Carlin put the creative process into perspective with the
does flash through my mind, because it’s a natural human impulse to think in
terms of beginnings and endings. But the truth is, I can’t run out of ideas,
not as long as I keep getting new information and I can keep processing it. And
as long as I have observations to make, as long as I can see things and let
them register against my template, as long as I’m able to take impressions and
compare them with old ones, I will always have material.”
And so, each one of us needs the freedom to express
ourselves in a nonlinear fashion. The permission to work with ideas without
strict chronological terms. The space to create without corresponding to the illusions
of sequence and rational order. And the detachment from our natural human
impulse to think in terms of beginnings and endings.
We need to make peace with piecemeal.
How do we accomplish that?
By recording our
incomplete, fragmentary associative process.
Creativity, after all, is nothing but a coalescence of fragments. It’s alchemy. It’s associative, not linear.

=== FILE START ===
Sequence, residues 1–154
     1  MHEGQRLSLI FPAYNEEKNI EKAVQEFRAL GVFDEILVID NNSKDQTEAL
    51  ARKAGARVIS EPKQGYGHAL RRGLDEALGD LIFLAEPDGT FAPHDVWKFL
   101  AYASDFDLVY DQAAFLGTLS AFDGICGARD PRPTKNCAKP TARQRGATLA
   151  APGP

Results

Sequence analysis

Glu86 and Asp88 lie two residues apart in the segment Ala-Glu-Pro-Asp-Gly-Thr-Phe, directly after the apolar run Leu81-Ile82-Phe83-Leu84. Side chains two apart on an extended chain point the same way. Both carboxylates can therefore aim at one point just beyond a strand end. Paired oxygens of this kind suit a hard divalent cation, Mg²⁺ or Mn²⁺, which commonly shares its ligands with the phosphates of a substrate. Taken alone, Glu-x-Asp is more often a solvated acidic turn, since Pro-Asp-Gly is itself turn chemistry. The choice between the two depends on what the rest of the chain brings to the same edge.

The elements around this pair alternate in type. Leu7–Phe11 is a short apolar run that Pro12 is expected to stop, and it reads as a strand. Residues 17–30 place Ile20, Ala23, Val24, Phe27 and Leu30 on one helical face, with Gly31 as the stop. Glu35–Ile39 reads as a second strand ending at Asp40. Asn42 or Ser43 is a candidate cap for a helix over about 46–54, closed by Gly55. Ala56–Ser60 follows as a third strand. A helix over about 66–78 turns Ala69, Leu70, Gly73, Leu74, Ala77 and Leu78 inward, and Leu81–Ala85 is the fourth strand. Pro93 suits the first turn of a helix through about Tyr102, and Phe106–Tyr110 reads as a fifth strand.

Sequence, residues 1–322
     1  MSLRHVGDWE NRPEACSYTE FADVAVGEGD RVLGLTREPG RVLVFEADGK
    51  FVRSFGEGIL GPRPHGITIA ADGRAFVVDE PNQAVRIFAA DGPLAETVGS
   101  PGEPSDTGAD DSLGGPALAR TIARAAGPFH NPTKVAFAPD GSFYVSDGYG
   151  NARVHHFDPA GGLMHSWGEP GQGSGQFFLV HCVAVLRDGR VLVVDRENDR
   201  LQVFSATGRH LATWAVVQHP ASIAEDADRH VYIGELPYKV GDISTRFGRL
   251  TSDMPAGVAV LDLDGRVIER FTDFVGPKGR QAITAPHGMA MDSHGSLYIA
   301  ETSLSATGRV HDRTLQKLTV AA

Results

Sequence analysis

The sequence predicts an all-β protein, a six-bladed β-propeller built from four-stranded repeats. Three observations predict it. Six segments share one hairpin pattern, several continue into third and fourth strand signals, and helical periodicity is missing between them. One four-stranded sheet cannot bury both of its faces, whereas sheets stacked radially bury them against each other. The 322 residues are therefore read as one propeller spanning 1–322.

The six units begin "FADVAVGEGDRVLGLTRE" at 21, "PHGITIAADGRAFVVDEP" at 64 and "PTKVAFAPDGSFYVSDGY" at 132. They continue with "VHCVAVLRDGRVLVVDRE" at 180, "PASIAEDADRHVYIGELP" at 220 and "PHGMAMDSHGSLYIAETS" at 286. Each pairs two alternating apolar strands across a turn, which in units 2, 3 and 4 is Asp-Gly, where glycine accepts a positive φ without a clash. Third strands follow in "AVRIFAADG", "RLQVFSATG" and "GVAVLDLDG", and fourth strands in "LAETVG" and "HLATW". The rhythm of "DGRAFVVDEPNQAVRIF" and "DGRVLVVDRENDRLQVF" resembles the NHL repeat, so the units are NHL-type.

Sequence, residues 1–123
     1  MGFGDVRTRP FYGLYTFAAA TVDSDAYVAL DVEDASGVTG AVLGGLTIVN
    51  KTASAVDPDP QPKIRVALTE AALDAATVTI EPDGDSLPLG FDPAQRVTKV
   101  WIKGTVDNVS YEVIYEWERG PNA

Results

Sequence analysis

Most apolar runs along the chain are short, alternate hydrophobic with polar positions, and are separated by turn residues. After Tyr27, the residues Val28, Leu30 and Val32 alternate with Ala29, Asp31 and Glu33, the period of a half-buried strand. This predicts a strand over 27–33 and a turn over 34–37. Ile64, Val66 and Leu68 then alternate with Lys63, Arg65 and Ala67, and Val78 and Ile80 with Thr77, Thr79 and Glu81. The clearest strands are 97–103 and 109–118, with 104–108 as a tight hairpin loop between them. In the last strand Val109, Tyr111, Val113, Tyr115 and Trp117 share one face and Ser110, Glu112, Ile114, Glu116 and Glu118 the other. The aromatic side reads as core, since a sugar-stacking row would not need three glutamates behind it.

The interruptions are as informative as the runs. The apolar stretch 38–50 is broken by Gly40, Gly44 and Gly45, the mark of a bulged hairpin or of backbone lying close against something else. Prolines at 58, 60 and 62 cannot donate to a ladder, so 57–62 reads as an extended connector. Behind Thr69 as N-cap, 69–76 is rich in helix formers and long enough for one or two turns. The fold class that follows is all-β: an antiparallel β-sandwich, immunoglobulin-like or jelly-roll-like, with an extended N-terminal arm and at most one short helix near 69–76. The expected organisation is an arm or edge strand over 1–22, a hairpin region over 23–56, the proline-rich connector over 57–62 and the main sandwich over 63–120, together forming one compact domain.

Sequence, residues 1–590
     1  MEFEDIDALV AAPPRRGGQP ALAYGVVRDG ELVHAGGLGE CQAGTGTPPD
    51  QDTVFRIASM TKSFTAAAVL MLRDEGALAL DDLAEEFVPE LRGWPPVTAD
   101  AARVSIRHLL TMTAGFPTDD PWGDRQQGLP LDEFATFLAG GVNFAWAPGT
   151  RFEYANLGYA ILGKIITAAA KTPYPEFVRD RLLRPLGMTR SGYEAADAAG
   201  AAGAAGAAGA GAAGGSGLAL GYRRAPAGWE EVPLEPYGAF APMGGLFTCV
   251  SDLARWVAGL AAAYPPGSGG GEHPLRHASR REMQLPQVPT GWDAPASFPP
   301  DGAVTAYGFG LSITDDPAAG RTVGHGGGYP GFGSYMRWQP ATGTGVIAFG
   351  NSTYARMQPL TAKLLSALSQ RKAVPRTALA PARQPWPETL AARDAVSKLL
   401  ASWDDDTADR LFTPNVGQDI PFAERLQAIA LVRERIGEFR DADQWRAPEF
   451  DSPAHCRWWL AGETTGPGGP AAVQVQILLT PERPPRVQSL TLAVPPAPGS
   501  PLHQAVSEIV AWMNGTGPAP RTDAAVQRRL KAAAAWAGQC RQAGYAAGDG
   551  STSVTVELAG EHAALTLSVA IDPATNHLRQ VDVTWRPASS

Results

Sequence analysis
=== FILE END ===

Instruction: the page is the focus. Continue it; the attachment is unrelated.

Meaning, our duty as creators of ideas is to populate our content management
systems, our personal creative inventories, with any snippet that crosses our
cognitive path. Even if the story doesn’t have a beginning, middle or an end.
recorded his thoughts, observations, visualizations, imaginative patterns, experiments,
flashes of inspiration and ideas for new inventions in a series notebooks. By
the time of his death, he had accumulated over three thousand notebooks over
his lifetime, each of which contained more than two hundred pages.
But what’s most important
to remember is, the majority of his documentation was done in a raw,
fragmentary, clumsy and incomplete fashion. Edison’s creative inventory, all half
million pages of it, didn’t have a definite beginning, middle and end. And yet,
he still became the most prolific inventor in history.
Because he trusted
the creative process.
And that’s the challenge of the input phase of creation. Setting